General recommendations and strategies to better communicate
This is an excerpt from Physical Education for Students With Autism Spectrum Disorders by Michelle Grenier.
Many students with ASD have trouble understanding spoken language. Some are very literal in their interpretation of language and, as a result, need a longer response time during conversations. In other words, students with ASD may be delayed in both expressive and receptive language. Taking turns speaking during conversations and working with others may be difficult because of delayed learning in understanding facial expressions and emotions. Some students are also nonverbal. Following are general recommendations and strategies to better communicate with students with ASD.
- Determine the communication style of the student. Special education teachers, speech language pathologists, and paraprofessionals can provide support in this area. Use symbols from Boardmaker, an iPad, or another communication device.
- Communicate class expectations on a daily basis, and present information visually. Options include visual planners or a daily schedule, a whiteboard, or picture cues. Preview physical education with the paraprofessional or teacher to let students know what to expect.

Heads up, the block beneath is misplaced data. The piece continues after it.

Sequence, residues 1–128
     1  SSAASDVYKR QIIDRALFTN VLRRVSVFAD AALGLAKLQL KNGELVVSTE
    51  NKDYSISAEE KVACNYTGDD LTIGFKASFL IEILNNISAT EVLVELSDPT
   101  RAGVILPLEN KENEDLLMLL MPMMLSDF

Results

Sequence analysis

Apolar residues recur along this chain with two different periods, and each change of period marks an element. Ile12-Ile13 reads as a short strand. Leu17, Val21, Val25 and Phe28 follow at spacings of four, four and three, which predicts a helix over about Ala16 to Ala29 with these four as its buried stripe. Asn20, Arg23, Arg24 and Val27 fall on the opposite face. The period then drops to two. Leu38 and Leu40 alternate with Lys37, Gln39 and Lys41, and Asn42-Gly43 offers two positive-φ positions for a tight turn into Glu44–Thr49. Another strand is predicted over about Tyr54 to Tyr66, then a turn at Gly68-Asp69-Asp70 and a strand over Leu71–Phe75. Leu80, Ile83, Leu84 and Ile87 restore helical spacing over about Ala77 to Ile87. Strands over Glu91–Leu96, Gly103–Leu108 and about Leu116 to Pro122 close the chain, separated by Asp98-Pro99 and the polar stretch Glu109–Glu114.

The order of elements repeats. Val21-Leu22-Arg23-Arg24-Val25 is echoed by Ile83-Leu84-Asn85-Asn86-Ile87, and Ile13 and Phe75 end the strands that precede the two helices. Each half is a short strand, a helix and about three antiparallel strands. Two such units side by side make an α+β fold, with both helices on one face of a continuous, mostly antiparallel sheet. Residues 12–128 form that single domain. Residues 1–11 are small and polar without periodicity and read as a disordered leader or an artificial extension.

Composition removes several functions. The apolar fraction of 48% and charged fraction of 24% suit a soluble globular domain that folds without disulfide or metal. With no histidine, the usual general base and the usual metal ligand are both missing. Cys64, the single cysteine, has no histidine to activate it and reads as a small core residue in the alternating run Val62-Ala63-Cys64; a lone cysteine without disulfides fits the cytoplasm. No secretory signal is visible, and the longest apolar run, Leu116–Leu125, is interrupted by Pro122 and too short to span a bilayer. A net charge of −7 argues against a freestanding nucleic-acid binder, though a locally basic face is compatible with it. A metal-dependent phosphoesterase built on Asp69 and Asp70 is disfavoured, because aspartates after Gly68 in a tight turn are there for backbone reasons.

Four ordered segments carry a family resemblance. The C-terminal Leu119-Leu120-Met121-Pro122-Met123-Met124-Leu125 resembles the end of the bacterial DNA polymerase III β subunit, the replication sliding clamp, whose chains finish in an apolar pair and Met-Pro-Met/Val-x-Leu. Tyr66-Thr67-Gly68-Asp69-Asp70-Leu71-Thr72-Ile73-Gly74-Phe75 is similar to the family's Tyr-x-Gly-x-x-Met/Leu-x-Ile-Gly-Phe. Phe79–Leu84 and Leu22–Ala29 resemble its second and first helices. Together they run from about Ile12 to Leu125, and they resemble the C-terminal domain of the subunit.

- Offer visual cues. Modeling is an effective visual instructional and communication technique. Task cards, photos, and videos can also provide clear information. Task cards are helpful for all students and adult assistants in the gym. Many pieces of equipment have picture cues to help students understand them.
- Give short, precise directions that are positively stated, telling the student what to do rather than what not to do. For example, use the directive “Walk” rather than the phrase “Don't run.”
- Give direction with statements, not questions. Do not pose a question if you are not offering the student options. Rather than say, “Are you ready to run your laps?” try, “It's time to run; would you like to do two laps or three?” and then begin moving.
- Give directions in a low, firm voice. Do not yell or shout. Do not overexplain or repeat the direction over and over. State the direction and wait. Equipment or activity choice boards can be easily made using photos from equipment catalogs. Say, “We are playing catch today. Which ball do you want to use?” Giving students choices helps to engage them in the activity.
- Pay attention to nonverbal communication. The ability to use expressive language or to speak coherently is not indicative of cognitive ability. Many students who are nonverbal are very bright. Try to appreciate what students are trying to tell you with their gestures. For example, students who are nonverbal may communicate by pulling you to a specific location.
- Minimize sport jargon, which can be very confusing. Students with ASD tend to be rather literal in their interpretation of language and may do exactly what you say. For example, if you say, “Fingers on the laces,” the student may touch her shoelaces rather than the laces on the football. “Run home” may be misinterpreted as a directive to literally run to their home. If you say, “Keep your eye on the ball,” the student may touch his eye to the ball. “Gallop back” may be taken to mean gallop backward rather than back to a place in line. Some students confuse gym with Jim, thinking that is their physical education teacher's name.
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